Saturday, June 7, 2008

Walking over the Brooklyn Bridge

I was tromping around Brooklyn Heights the other day, and since I've never walked over the Brooklyn Bridge, I decided to check this off my list instead of taking the subway back to Manhattan.

The Bridge just celebrated its 125th birthday last month. 600 workers were employed to build it, many below sea level in the waterproof caissons. Over 100 cases of decompression sickness were documented, and the name "the bends" became common around this time because of the way people would bend over in pain. It wasn't until 1878 that a French doctor figured out that nitrogen bubbles in the bloodstream were responsible for causing all the problems, and a slow, steady ascent back up to sea level would prevent the bends from occurring. Even the Brooklyn Bridge project chief engineer suffered the bends and was crippled for three days. From his bed, he directed the project, using his wife as his liaison to the site. And for the rest of his life, he never fully recovered from his accident. The bends are scary. Always do your safety stops when ascending after a dive.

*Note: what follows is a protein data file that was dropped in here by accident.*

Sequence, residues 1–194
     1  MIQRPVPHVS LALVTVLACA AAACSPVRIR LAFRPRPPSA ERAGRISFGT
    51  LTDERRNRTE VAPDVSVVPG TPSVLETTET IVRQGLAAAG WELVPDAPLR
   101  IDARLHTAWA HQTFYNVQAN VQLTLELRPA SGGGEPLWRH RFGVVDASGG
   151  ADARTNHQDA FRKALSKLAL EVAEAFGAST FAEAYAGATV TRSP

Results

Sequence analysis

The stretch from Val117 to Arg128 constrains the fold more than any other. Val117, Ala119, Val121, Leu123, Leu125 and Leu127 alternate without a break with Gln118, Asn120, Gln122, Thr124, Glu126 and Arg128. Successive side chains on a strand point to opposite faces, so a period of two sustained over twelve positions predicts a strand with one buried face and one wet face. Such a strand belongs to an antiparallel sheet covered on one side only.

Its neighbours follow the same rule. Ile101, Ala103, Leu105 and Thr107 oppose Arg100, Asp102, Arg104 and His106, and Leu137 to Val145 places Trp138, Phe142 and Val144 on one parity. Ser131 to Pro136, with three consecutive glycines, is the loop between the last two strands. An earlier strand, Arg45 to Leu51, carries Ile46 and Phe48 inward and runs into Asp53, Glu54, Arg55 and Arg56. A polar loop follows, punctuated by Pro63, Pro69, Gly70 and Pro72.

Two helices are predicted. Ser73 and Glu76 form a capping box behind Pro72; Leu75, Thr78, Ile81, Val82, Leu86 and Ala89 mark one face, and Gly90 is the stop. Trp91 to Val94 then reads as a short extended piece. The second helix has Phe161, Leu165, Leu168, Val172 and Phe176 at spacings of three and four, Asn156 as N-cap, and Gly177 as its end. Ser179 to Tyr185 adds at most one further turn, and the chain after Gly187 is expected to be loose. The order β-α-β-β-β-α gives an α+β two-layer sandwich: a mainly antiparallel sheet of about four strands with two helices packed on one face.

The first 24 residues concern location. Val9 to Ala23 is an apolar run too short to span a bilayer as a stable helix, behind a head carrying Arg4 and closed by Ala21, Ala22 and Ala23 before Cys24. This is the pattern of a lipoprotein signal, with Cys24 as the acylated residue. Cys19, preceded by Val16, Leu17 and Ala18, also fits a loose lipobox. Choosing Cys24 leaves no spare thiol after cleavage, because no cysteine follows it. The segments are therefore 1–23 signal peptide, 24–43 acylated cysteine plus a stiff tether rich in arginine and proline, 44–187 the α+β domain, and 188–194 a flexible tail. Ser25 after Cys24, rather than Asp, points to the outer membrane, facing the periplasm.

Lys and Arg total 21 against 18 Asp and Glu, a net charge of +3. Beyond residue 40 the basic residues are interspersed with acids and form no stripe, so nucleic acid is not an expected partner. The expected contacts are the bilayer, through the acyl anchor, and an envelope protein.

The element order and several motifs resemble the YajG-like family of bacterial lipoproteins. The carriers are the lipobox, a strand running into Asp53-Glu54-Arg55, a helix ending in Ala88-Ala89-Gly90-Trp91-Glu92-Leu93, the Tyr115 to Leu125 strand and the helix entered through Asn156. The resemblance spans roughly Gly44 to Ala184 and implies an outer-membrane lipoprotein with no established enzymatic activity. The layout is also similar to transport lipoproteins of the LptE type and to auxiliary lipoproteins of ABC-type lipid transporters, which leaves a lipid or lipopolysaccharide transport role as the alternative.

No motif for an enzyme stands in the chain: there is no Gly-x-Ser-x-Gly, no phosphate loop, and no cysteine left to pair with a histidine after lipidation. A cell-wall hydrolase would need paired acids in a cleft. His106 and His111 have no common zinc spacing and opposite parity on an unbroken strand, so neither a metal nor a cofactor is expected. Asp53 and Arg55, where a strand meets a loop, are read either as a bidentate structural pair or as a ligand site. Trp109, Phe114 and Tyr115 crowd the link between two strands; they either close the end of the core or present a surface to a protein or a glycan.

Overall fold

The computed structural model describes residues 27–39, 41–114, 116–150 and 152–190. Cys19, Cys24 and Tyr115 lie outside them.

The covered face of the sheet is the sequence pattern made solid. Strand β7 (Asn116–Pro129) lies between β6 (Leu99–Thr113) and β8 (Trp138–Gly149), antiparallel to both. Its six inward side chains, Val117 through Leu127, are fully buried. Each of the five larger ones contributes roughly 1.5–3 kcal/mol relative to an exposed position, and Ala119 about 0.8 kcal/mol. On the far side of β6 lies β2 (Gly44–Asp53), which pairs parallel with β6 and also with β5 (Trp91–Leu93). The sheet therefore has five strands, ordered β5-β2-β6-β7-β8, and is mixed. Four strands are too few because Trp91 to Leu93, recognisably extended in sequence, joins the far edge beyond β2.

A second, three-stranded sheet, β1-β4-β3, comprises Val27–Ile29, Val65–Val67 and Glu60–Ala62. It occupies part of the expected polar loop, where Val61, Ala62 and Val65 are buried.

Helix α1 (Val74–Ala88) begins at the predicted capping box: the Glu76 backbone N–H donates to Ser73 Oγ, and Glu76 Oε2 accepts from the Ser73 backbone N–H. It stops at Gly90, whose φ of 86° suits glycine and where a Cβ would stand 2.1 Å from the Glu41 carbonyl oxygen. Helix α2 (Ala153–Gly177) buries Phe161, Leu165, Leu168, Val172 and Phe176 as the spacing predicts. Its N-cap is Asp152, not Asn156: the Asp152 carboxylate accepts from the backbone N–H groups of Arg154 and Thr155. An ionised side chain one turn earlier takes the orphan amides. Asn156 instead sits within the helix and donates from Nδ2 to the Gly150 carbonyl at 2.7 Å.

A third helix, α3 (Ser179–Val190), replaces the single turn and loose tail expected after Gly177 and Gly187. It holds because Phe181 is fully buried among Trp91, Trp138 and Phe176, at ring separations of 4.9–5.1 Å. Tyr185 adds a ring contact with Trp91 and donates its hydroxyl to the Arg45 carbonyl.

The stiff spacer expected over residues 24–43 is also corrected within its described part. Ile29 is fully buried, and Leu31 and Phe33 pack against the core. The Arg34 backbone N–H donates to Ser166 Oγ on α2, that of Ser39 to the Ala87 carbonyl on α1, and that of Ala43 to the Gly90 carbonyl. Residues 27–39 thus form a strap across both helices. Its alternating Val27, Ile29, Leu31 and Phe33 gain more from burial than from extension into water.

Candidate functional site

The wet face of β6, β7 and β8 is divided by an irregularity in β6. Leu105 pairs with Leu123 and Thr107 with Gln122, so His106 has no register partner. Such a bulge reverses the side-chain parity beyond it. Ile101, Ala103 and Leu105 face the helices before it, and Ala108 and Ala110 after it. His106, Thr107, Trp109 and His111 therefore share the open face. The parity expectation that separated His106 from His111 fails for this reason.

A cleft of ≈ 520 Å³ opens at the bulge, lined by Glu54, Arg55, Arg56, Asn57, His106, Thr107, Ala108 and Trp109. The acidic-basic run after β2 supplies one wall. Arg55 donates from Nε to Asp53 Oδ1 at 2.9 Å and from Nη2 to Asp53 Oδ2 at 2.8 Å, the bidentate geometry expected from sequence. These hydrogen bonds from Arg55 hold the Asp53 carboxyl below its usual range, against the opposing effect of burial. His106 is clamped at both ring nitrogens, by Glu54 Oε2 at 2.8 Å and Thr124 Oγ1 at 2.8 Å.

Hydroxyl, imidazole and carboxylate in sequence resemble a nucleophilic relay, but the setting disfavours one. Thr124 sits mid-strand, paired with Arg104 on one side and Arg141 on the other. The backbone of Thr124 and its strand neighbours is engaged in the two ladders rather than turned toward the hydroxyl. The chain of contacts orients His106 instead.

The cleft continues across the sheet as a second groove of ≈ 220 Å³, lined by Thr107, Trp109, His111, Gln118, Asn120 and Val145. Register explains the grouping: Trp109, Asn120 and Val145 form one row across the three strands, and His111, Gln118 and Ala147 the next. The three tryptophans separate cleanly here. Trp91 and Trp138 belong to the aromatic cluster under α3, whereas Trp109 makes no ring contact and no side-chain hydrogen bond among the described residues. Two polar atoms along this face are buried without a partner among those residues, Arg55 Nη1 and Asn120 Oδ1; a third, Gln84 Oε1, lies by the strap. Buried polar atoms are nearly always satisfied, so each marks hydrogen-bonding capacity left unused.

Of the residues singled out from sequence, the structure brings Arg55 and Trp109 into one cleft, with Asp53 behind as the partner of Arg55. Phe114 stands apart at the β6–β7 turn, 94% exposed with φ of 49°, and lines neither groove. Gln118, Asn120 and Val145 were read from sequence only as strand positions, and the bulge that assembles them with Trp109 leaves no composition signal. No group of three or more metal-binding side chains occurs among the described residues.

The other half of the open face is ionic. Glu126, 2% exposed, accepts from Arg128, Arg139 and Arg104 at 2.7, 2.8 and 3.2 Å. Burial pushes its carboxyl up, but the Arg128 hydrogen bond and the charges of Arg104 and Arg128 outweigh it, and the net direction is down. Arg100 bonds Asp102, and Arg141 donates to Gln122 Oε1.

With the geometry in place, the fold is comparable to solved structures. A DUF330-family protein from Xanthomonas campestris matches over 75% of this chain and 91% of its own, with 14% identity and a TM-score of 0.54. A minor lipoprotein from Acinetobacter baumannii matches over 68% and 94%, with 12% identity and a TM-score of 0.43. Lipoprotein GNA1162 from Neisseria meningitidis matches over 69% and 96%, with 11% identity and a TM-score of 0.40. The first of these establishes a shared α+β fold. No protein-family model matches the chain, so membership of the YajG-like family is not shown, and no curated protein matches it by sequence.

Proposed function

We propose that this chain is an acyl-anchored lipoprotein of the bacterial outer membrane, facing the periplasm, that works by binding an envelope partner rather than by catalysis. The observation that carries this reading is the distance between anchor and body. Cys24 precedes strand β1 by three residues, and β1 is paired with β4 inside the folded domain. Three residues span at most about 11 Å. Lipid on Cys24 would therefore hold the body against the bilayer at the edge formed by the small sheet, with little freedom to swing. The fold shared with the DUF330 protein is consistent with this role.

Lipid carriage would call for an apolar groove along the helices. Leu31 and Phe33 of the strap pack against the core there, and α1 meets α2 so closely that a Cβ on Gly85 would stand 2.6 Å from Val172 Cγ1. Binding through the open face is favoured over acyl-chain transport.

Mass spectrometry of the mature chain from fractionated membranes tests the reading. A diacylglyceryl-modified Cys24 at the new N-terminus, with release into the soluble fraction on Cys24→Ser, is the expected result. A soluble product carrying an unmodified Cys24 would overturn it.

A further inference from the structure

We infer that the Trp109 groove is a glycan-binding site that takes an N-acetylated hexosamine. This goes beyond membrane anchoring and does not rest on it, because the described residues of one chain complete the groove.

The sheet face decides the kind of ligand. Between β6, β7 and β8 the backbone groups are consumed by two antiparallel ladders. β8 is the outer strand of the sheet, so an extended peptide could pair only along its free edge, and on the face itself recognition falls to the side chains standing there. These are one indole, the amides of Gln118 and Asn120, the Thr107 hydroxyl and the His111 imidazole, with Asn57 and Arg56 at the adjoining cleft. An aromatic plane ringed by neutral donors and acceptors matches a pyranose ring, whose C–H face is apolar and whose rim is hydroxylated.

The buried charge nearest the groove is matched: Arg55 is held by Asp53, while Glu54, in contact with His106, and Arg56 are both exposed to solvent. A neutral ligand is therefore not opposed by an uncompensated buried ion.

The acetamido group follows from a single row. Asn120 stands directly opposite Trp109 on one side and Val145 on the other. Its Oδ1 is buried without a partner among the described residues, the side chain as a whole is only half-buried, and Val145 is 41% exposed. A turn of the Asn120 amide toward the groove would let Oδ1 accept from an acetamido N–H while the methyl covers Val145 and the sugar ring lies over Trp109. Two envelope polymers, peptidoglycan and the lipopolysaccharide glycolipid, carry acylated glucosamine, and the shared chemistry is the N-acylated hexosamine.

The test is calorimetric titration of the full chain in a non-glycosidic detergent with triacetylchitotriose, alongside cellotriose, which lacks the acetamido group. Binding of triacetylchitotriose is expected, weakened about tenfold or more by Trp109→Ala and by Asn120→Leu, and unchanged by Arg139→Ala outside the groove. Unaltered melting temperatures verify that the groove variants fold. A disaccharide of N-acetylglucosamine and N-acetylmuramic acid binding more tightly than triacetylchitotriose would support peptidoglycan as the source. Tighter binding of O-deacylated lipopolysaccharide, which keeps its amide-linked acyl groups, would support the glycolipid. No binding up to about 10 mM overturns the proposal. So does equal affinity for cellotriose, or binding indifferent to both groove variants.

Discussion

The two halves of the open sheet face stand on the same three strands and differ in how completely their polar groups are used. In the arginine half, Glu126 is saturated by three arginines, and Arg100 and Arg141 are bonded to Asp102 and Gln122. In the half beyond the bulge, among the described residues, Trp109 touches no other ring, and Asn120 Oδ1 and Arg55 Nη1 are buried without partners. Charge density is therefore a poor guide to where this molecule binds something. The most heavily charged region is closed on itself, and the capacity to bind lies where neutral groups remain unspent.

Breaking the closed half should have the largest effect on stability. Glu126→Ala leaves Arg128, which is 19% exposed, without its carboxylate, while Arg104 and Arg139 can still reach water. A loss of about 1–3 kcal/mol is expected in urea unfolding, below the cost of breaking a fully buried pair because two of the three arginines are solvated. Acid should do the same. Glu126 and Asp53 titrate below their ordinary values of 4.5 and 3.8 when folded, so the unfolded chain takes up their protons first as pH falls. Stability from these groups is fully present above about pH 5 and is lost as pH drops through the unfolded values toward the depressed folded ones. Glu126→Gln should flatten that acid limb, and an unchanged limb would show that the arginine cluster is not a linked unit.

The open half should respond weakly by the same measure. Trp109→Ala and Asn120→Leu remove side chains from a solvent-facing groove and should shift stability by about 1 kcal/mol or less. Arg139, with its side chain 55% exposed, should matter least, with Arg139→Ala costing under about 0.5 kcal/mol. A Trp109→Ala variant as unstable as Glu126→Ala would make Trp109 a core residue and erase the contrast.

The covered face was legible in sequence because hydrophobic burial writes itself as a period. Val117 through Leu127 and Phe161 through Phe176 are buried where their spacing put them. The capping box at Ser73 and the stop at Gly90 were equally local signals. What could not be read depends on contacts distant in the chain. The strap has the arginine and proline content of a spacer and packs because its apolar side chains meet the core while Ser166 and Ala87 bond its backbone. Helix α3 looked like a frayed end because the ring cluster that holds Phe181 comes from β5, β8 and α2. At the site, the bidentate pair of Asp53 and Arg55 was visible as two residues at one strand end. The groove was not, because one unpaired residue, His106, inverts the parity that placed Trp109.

I took my stroll early Thursday afternoon. I was surprised how many people were also walking across, and they weren't all tourists. The walkway starts out as a cement path, but after you pass through the big arches, it turns into an old wooden plank sidewalk. Through the cracks you can see the East River below.

If you click on the pics, the original larger size photo will open up. I love Blogger. Such great features.

The second pic shows the Manhattan Bridge to the north, with the Empire State Building in the distance. The last pic is looking southwest to the Statue of Liberty.

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